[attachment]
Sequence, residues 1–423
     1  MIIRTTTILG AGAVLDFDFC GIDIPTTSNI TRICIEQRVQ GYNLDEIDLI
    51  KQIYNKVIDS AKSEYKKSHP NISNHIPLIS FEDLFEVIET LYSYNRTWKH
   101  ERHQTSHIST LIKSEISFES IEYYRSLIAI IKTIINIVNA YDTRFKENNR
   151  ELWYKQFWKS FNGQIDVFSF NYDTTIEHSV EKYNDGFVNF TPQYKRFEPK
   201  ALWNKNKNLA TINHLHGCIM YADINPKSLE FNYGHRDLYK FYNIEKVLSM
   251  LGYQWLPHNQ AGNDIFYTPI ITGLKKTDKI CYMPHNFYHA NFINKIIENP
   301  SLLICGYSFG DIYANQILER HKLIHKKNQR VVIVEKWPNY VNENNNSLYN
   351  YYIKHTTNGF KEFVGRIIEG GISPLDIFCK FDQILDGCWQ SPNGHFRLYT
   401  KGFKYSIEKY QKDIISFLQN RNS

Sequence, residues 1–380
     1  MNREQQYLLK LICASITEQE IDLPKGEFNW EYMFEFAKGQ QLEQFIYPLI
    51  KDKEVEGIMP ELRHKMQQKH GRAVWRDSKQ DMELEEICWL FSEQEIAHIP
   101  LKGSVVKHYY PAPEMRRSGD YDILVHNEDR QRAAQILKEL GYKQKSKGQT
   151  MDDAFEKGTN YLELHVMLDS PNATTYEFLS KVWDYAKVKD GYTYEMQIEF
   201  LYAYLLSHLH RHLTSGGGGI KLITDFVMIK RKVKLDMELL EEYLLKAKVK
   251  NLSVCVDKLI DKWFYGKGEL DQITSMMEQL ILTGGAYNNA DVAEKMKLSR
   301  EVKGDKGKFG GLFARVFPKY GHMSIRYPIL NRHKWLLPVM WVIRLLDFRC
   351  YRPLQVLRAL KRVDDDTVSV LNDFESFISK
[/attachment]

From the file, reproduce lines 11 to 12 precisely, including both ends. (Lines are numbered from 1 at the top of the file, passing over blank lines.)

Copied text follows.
Sequence, residues 1–380
     1  MNREQQYLLK LICASITEQE IDLPKGEFNW EYMFEFAKGQ QLEQFIYPLI